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And Sounded

In an editorial, Protein & Cell says the journal chose to publish the controversial human germline editing paper last week as a "sounding of an alarm." 

The paper, from Sun Yat-sen University's Junjiu Huang and his colleagues, described using the CRISPR/Cas9 genome editing system to alter non-viable human embryos and found that while the approach could cleave the target gene, it was not efficient and led to mosaicism. They also noted that off-target cleavage did occur.

Its publication drew quick, and strong, reactions from many researchers.

Both Science and Nature declined to publish the study, partly because of the ethical concerns they had about the project.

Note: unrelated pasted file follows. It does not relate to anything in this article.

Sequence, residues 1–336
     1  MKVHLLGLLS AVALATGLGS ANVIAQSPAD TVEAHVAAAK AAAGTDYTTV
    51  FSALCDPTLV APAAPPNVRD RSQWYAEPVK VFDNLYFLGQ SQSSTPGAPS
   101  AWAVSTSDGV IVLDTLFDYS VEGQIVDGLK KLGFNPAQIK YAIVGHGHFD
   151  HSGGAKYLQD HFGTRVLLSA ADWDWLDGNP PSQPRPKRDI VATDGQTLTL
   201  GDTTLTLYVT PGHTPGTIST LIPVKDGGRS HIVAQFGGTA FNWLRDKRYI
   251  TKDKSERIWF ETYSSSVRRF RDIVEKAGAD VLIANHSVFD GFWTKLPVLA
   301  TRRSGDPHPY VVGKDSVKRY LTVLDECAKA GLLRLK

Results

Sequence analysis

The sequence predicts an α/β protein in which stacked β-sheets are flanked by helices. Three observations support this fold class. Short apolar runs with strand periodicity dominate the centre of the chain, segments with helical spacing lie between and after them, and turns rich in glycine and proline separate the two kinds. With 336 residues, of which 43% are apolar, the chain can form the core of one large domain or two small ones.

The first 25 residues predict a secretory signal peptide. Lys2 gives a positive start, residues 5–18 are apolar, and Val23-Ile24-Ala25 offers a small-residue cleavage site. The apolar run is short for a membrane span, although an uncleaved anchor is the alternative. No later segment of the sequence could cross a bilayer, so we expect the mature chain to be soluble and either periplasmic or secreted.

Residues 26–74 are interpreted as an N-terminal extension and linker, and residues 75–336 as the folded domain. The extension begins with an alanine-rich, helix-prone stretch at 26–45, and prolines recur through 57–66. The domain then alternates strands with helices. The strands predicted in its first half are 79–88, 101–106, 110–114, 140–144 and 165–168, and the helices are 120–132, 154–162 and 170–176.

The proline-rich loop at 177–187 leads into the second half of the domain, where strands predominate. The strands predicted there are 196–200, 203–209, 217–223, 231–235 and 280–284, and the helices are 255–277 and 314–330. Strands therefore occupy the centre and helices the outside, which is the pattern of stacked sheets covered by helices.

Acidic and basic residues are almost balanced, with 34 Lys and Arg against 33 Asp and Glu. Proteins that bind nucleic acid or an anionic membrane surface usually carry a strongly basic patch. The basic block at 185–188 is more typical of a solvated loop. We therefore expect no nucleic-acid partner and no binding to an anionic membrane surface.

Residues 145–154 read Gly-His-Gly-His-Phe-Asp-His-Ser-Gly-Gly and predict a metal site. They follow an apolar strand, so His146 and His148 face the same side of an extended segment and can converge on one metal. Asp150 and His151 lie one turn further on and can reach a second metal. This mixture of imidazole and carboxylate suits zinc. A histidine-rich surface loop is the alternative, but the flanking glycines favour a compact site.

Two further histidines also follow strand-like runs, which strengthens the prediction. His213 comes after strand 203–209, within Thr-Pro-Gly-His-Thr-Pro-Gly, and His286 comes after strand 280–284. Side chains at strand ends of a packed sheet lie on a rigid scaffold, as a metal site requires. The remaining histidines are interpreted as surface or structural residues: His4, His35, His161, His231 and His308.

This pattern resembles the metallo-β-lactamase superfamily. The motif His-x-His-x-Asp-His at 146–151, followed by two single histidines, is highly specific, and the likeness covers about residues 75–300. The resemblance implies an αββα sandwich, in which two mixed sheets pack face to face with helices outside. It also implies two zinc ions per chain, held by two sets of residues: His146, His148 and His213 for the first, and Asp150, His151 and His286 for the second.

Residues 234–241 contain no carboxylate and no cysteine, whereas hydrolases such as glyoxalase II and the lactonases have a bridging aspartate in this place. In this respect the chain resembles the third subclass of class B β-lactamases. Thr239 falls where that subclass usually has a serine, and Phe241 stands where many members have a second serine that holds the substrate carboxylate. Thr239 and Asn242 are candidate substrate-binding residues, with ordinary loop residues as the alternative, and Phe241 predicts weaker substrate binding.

Xiaoxue Zhang, the managing editor at Protein & Cell, writes in the editorial that their "decision to publish this study should not be viewed as an endorsement of this practice nor an encouragement of similar attempts."

Instead, he says it should underscore "the urgent need to rein in applications of gene-editing technologies."

To that end, until the research community has assessed the risks and benefits of the approach and developed guidelines for its use, he says researchers should avoid pursuing studies that present possible safety or ethical risks.

Nature News adds that Science, Nature, and Cell Press are examining the issue.

"We believe strongly that the potential of genome editing must be viewed in terms of social mores and that the path forward must be developed through a consensus-building process," Science tells Nature News. 

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